Democrats are giving Donald Trump a transparency gut check in the form of a new bill with a mouthful of a name — and an acronym that takes an unsubtle dig at the president.
The "Making Access Records Available to Lead American Government Openness Act" — or MAR-A-LAGO Act — would require the Trump administration to disclose the names of anyone who visits the White House or "any other location at which the President or the Vice President regularly conducts official business."
The legislation, introduced in the House and Senate on Friday, calls for the creation of a publicly available database to be updated every 90 days.
Democrats say the move is necessary after a Whitehouse.gov page featuring visitor access records has said "this page is being updated" ever since Trump took office — and remains unchanged. In addition, they want the public to know who has been visiting Trump's private club in Florida, known as Mar-a-Lago — the namesake of the bill — because he conducts presidential business there.
"He basically moved the office of the presidency," said Richard Painter, the former ethics czar for the George W. Bush administration and vice chair of the Citizens for Responsibility and Ethics in Washington, or CREW. "Under those circumstances, in which taxpayers are paying for you to do government work and for your Secret Service protection, they're entitled to know what private parties are moving in and out of there."
CREW introduced the concept of a publicly accessible White House visitor log in 2009, when they sued the Obama administration to create one. The last White House maintained those logs for the next seven years, jotting down the names of more than 6 million visitors.
According to a CREW spokesman, the organization is currently weighing its options for an administration still in its infancy, as the logs are "a key component of government transparency."
But Trump has shown no indication that he plans to continue the practice in either Washington, D.C., or at Mar-a-Lago — dubbed his "Winter White House" — a place where anyone can gain access with the purchase of a $200,000 membership fee.
Trump has used the Florida country club to meet with Japanese Prime Minister Shinzo Abe, members of his cabinet and other leaders at a premium cost to taxpayers.
A senior White House official told NBC News that Trump plans to host Chinese President Xi Jinping at the club next month. But under current rules, he wouldn't have to disclose that.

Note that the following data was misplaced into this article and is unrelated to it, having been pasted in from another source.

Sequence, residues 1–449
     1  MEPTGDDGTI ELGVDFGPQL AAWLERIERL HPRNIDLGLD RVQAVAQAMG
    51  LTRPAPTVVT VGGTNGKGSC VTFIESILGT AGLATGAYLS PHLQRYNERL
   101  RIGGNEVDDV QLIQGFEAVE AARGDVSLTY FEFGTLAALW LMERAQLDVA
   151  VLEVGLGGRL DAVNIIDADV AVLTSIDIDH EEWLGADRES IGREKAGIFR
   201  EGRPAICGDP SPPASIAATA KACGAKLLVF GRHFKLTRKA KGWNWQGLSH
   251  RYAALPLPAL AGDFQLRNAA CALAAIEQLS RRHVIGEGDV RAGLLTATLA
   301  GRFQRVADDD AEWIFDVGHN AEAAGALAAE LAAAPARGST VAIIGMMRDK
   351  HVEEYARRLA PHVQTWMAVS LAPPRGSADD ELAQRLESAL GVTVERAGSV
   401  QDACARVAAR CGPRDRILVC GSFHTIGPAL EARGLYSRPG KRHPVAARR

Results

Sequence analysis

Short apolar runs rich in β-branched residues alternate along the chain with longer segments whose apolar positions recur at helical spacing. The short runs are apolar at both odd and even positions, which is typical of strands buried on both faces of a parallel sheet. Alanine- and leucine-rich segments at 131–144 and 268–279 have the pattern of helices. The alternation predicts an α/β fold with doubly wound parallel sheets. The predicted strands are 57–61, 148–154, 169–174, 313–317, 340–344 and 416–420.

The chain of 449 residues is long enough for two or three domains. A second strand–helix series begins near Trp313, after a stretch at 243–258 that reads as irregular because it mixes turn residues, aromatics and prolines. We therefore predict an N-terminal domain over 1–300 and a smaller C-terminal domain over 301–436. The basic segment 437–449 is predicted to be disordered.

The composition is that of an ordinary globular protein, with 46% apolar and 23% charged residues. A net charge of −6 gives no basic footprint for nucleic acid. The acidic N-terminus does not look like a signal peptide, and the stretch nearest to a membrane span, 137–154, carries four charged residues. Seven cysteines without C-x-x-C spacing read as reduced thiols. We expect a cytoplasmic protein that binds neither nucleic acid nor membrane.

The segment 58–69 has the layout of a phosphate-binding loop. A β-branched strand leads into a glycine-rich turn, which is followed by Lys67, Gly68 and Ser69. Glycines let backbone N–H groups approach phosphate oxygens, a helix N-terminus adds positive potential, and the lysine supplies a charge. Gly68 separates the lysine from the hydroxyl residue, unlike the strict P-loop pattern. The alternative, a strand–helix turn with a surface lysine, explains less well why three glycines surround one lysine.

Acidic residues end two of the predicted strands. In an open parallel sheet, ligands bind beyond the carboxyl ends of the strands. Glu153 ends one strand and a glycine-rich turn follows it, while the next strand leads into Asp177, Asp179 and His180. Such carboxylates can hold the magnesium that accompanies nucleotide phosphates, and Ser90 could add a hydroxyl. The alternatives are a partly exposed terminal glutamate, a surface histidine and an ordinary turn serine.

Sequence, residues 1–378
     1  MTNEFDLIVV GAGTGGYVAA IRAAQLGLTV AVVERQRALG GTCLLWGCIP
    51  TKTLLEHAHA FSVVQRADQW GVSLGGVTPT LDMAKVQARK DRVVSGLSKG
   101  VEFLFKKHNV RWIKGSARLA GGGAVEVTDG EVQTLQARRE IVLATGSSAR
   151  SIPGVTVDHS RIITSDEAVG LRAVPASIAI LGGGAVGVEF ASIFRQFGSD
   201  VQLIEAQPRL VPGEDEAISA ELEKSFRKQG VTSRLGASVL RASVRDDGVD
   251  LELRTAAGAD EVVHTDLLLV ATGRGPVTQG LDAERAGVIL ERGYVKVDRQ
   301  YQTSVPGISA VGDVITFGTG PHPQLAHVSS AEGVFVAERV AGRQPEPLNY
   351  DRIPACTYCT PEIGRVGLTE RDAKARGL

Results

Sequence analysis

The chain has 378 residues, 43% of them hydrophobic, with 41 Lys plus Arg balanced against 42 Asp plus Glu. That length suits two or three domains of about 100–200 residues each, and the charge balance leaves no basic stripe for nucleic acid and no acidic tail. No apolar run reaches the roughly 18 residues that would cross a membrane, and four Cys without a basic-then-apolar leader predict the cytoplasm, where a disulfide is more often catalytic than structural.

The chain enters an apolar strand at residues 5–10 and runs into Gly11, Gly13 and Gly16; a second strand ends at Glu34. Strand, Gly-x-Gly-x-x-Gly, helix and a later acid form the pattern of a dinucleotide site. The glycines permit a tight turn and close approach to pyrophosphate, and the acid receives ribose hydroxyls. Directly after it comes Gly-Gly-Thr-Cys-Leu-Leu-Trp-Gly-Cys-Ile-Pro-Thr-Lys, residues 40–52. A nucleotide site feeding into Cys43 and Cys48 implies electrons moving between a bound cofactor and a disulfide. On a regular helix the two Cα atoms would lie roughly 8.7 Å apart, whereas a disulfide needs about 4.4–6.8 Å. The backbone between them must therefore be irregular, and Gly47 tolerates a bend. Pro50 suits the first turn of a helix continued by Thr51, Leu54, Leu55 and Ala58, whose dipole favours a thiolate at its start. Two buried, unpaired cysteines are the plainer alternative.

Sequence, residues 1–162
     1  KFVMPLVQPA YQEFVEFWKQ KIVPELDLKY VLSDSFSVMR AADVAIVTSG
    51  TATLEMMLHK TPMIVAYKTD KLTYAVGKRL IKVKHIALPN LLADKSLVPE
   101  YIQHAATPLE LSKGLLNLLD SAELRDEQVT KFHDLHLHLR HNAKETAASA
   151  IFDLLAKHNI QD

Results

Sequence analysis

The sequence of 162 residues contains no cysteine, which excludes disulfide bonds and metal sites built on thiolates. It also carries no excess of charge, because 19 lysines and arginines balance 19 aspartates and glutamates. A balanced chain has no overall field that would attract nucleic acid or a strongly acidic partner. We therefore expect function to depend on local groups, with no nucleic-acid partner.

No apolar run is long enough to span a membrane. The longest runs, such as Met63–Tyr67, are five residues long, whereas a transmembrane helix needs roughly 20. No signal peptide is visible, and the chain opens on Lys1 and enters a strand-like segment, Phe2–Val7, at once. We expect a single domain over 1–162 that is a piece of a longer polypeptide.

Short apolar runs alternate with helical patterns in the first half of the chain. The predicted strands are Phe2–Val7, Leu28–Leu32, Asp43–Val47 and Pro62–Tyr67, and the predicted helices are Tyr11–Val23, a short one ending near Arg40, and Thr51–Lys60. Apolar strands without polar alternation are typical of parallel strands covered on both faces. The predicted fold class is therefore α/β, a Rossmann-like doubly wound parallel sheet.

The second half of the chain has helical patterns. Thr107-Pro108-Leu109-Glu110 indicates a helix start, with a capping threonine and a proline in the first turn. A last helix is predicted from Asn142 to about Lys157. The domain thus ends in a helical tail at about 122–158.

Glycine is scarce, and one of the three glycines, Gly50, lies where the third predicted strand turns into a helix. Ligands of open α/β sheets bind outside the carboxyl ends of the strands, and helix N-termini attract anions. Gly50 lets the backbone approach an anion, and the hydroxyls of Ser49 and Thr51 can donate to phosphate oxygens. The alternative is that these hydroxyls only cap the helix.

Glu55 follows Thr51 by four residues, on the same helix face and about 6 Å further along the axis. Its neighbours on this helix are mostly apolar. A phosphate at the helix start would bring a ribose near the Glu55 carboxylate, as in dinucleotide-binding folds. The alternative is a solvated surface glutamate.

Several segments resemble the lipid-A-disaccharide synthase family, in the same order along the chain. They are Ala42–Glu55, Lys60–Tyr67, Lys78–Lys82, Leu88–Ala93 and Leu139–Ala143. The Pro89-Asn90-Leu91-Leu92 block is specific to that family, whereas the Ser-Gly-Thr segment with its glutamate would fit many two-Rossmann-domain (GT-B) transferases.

"If the Trump administration isn't going to continue a practice that was widely lauded by leaders across the political spectrum, Congress should mandate disclosure to guarantee public access to the visitor log records," said John Wonderlich, executive director of the Sunlight Foundation, a government transparency watchdog group.
And mandating disclosure is what the MAR-A-LAGO Act intends to do, say the Democrats who introduced it: Sens. Tom Udall of New Mexico, Tom Carper of Delaware, and Sheldon Whitehouse and Jack Reed, both of Rhode Island, as well as Rep. Mike Quigley of Illinois.
Earlier this month, the four senators and other Democratic colleagues wrote an official letter to the president demanding the publication of the visitor logs. In February, Udall and Whitehouse also inquired about who was buying access to Trump through the purchase of a Mar-a-Lago membership.
But there's been no response from the White House, they say. A White House spokeswoman and the National Republican Senatorial Committee did not immediately respond to requests for comment about the bill.
"The American people need to know who has access to the White House if we're going to 'drain the swamp'. So far, all we've seen from the President is murk," Whitehouse said in a statement. "His Administration has stonewalled congressional requests for information about his advisors and appointees' conflicts of interest."
Stonewalling over key transparency details is a common occurrence in the Trump administration, according to these Democratic lawmakers, many of whom have consistently asked for the president to release his tax returns.
The visitor logs would be a productive step in growing public confidence and trust, the Democrats added.
Observers say they're not holding out hope the president or his White House will comply or want to voluntarily release the logs.
"I think that's wishful thinking," Painter said. "I think it will only happen if the law passed."